We all have our pet peeves, something that we are SURE is rude whether it bothers others or not. So I'm wondering -- what bothers you?
Things that bother me:
In a nurse's station with four or five unused computers, why does anyone have to sit down at the one I'm using, clearly marked with my scut sheet, my pen, my drink and my charting all pulled up and not finished? They take my spot, log me off (so I have to start over with any charting I didn't sign before the arrhythmia alarm jolted me out of my seat) and log in over me. Then when I return, they tell me "I didn't see your name on it." Why not just use the computer with the screensaver up and no ones stuff there?
People who put their feet up on the chairs in the nurse's station. Not only does it look totally unprofessional to anyone who visits the station, including families, but the C. Diff that that they' we picked up on their shoes is now transferred to the impossible-to-clean fabric chairs in the nurse's station.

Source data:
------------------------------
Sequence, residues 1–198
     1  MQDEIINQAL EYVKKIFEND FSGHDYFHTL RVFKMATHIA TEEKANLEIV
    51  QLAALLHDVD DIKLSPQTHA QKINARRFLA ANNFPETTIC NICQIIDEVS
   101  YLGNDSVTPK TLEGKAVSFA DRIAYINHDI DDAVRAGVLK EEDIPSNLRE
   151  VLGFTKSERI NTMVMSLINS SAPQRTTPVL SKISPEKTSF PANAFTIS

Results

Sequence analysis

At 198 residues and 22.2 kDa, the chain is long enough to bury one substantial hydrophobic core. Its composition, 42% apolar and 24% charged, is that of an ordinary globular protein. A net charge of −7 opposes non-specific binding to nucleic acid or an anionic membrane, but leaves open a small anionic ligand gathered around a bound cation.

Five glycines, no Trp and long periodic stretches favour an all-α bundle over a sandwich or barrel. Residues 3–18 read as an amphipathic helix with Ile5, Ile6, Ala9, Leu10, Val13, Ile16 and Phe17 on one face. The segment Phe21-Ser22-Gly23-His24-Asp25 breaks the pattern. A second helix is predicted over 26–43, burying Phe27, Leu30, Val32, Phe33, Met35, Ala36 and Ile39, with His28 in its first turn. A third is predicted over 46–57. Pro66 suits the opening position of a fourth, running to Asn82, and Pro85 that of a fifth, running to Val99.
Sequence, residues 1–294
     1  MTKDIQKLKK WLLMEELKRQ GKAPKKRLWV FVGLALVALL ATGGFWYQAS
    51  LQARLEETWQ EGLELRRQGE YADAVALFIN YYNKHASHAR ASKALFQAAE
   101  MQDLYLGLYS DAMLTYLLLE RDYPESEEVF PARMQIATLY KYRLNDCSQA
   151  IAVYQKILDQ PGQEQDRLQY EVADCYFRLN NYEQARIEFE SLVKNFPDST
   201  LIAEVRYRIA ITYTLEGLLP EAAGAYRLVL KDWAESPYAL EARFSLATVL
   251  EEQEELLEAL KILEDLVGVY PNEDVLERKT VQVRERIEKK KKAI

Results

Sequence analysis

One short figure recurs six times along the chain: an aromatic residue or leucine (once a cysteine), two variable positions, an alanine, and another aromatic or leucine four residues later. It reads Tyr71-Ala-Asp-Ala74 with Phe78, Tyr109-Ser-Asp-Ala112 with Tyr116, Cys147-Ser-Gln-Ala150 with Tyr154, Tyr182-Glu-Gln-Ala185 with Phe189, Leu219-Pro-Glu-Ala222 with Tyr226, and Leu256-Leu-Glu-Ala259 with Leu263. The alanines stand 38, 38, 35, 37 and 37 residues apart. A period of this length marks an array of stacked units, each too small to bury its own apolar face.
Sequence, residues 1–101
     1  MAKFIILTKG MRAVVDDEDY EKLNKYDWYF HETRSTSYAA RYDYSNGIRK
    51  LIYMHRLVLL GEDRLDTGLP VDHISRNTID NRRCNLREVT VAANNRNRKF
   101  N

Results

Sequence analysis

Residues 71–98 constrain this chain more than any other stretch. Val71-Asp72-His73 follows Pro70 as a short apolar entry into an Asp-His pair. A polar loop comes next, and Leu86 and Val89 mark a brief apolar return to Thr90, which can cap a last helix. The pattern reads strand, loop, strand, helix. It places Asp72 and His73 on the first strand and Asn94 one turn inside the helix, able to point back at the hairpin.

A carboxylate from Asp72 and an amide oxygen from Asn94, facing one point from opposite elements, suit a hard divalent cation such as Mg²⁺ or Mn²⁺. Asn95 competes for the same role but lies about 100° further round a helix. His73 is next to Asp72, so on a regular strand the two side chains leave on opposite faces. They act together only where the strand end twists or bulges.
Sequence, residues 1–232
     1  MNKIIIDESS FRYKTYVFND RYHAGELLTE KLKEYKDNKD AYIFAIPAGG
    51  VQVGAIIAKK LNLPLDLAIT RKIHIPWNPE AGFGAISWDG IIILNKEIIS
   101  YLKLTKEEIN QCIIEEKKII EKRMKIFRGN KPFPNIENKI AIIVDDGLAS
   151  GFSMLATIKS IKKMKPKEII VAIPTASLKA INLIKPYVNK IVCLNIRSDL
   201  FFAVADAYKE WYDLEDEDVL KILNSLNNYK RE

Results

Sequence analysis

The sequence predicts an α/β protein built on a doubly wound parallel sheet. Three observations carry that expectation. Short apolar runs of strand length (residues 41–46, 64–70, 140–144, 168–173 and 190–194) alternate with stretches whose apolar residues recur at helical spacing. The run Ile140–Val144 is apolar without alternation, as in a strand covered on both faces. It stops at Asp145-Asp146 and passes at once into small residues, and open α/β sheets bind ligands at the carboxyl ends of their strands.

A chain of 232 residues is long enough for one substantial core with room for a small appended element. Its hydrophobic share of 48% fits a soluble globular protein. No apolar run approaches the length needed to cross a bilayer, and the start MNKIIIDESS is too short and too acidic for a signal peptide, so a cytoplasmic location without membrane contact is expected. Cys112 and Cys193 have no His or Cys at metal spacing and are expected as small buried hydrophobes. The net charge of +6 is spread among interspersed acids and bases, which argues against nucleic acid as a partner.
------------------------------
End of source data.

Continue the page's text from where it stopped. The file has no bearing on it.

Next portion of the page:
Saying "no prob" in response to a thank you.
Taking the nurse's chair. Our rooms has a sofa and two chairs for visitors, a recliner for the patient and a chair at the computer station for the nurse to use when charting. So why do the visitors always have to take the nurse's chair? Clearly, the nurse can't chart from the sofa.
After you've taken the nurse's chair, why give me attitude when I ask you NOT to sit in front of my computer, but to sit in one of the five spots provided for visitors?
Visitors using the patient bathroom.
Staff who let patients use the staff bathroom. I've never been able to figure that one out.
I'm cranky today, I have lots more. What's yours?
Sep 12, '16
by roser13, ASN
Rude is a family member who continually speaks for the patient, sometimes even speaking over the awake, alert & oriented patient's voice. Including but not limited to: demanding pain meds for the quietly sleeping patient, pushing the pain pump button after explicit instructions not to, subjecting the healthcare team to interminable monologues on THEIR personal medical history, and, as illustrated by a recent thread, announcing over & over that they too are "in healthcare."
True story: patient's 20-something daughter at bedside, being totally obnoxious with unnecessary questions, unnecessary bustling around the bedside, etc. All while wearing blindingly white, fresh out-of-package scrubs. I did not bite and did not ask daughter what part of healthcare she worked in. Night nurse tucking patient in that night asks patient where in healthcare does daughter work? Big sigh from patient. "She doesn't. She just bought those scrubs to make you think she does." Which is both crazy & kinda sad, now that I write it out.
Last edit by roser13 on Sep 12, '16